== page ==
No Customer Input
Products are developed for customer usage. Not involving or interacting with the customer early enough is a sign of trouble in the future. Even getting customers to act as references for your proposal is good. It can be as simple as having a meeting to discuss your product and asking them if they would buy the product once it is available. Start-ups can set up customer advisory programs where the customers provide feedback in a formalized manner.
Disruptive or Break-Through Technology
If the founders emphasize that their start-up has break-through or disruptive technology, then be prepared to immediately state why. Not many investors believe this. Most will tell you it’s a myth. Things referred to as disruptive or break-through are viewed this way as a matter of historical perspective – the invention of the wheel, the first airplane, the personal computer, and the Internet. PCs were first seen as hobbyist toys, but they weren’t considered disruptive in their infancy. It’s only in retrospect that they were viewed as such.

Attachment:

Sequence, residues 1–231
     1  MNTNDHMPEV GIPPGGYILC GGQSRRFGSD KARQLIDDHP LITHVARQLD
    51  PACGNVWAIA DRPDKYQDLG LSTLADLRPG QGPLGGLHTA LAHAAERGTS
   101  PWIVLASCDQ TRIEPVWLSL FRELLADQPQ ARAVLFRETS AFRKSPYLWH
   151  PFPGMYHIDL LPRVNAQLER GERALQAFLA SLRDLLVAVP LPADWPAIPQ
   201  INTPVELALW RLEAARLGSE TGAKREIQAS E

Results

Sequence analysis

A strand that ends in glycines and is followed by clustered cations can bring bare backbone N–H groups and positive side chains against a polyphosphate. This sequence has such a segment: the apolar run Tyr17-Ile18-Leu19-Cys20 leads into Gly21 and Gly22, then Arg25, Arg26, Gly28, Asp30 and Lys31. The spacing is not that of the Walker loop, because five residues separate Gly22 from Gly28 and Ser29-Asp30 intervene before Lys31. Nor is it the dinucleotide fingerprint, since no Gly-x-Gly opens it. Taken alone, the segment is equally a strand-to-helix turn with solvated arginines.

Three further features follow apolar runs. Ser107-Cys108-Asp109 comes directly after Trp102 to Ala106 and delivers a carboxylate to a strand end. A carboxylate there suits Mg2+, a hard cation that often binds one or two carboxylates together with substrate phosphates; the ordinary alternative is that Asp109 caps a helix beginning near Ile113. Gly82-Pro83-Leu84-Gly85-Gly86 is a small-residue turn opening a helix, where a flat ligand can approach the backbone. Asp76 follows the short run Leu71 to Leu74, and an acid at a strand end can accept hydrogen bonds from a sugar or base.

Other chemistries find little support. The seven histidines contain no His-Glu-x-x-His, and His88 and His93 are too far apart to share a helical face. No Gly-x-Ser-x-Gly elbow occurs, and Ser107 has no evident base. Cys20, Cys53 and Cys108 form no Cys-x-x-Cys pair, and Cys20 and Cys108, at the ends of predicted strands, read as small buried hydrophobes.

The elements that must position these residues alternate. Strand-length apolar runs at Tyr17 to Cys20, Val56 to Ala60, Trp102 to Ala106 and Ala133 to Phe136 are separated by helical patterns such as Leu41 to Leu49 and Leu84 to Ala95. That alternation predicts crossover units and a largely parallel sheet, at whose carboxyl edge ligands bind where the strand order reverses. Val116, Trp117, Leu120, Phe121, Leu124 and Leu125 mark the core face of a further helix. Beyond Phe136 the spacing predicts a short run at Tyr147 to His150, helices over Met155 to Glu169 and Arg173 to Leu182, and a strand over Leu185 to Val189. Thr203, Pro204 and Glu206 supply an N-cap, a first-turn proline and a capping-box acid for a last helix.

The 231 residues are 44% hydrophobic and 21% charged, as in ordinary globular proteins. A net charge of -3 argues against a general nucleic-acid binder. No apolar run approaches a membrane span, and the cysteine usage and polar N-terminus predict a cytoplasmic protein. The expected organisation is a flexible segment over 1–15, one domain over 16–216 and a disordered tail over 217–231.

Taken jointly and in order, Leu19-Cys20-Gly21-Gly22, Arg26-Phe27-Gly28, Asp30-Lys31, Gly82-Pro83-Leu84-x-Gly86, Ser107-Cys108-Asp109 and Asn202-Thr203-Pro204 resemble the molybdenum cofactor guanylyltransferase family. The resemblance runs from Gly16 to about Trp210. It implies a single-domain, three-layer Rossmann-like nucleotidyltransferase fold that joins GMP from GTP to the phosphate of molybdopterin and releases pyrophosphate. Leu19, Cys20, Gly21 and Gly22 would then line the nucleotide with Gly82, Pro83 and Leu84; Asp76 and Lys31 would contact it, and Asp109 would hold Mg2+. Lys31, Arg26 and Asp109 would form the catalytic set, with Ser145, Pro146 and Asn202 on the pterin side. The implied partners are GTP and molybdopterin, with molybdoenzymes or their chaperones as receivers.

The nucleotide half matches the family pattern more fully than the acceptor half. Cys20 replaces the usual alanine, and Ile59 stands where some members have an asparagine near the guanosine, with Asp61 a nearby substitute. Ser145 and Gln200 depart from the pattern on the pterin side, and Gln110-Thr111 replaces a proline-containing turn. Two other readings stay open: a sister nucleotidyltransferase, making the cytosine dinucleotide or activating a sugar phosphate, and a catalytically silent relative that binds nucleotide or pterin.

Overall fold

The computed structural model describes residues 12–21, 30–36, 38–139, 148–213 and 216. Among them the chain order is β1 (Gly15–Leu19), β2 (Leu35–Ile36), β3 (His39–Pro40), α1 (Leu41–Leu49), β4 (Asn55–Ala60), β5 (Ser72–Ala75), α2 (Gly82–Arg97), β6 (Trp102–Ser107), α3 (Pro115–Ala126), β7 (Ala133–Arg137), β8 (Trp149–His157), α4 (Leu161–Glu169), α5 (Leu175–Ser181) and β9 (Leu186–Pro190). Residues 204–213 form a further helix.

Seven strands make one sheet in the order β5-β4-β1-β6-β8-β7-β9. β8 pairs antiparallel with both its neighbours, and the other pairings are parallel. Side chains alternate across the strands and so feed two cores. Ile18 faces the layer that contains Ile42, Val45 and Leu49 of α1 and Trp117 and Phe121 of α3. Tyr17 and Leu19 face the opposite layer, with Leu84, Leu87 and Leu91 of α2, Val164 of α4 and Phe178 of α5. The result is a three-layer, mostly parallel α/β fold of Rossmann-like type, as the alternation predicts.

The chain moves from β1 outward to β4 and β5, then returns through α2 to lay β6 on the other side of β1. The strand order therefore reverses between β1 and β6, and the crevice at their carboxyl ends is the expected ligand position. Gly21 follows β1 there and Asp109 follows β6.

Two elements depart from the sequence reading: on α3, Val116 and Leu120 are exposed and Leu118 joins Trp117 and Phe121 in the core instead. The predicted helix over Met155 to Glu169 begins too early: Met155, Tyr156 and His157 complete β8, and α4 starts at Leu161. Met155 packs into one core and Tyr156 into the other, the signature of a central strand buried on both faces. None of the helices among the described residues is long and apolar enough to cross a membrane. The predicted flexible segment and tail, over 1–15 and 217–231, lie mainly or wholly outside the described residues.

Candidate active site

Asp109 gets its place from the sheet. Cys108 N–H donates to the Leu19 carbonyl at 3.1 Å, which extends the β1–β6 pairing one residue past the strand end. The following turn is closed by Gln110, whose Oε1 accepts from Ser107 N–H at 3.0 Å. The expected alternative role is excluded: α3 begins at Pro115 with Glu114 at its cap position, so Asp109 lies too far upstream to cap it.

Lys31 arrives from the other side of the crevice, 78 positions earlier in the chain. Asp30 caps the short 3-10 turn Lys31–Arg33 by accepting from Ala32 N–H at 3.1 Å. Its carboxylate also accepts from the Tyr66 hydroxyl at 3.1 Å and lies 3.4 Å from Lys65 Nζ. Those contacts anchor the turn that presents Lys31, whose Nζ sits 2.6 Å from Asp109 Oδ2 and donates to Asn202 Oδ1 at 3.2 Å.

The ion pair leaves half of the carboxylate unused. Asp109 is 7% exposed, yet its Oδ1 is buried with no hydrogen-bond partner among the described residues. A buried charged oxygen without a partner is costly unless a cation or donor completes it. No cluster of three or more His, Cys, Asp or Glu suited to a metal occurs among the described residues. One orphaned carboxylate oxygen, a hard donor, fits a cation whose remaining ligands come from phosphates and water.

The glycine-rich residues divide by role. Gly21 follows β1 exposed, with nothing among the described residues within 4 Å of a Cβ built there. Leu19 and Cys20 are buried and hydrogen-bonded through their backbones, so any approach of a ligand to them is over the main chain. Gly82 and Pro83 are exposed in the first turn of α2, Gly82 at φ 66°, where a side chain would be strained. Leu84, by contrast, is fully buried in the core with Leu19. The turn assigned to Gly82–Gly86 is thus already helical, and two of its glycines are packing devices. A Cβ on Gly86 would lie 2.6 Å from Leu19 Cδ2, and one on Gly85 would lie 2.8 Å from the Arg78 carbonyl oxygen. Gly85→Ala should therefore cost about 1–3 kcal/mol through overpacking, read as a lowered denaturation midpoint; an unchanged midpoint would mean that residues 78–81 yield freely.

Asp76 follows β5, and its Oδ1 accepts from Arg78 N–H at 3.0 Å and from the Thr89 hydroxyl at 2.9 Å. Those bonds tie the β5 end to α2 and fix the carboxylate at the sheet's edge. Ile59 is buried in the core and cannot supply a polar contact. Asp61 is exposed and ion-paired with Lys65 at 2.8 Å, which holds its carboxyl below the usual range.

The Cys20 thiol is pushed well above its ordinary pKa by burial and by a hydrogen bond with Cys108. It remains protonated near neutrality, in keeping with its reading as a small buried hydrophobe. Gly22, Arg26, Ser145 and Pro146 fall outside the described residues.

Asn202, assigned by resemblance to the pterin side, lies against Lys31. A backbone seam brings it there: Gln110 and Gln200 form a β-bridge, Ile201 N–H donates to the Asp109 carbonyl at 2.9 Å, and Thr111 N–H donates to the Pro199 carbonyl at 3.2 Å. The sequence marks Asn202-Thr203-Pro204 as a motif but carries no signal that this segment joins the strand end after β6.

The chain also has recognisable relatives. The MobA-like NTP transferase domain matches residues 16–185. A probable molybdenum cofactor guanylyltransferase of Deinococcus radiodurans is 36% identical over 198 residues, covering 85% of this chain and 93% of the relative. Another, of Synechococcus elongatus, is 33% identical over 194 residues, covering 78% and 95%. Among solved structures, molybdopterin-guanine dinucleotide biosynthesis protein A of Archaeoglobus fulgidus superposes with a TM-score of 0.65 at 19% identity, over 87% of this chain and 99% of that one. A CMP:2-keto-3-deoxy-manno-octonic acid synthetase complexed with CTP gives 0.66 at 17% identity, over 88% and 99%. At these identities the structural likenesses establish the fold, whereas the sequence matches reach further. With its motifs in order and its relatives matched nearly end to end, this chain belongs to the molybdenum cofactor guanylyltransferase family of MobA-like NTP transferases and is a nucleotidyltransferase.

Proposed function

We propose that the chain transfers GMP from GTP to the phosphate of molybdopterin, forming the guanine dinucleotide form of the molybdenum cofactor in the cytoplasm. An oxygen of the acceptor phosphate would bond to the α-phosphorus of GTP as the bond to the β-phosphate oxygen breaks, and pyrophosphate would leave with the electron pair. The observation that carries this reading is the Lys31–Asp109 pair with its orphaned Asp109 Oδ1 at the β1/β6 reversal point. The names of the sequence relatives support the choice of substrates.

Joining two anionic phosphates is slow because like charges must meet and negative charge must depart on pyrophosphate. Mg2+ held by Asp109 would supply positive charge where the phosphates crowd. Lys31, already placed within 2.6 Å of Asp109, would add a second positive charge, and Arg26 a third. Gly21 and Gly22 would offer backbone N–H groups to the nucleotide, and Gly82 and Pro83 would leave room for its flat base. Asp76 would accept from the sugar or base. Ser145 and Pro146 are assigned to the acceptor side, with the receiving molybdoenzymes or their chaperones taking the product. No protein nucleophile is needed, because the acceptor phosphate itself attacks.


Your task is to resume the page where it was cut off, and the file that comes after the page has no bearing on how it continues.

The same can be said of an emerging market or technology, predicting one is difficult but hindsight is much better. When I was in graduate school, robotics was predicted to be the next big market segment. I even did my thesis on computer imaging systems for robotics. Robotics never did become one of the hot or trendy technologies, and I stopped waiting!
Entrepreneurs seem to believe that investors want to hear that their numbers and estimates are conservative. Investors know that backing a start-up is a very risky business, and conservative isn’t what they are interested in, nor is it what they expect. There are plenty of conservative, less-risky investment vehicles available to investors. Just the other day, a CEO gave me a pitch and the word “conservative” was used so many times that I started to count its usage.
The Devil in the Details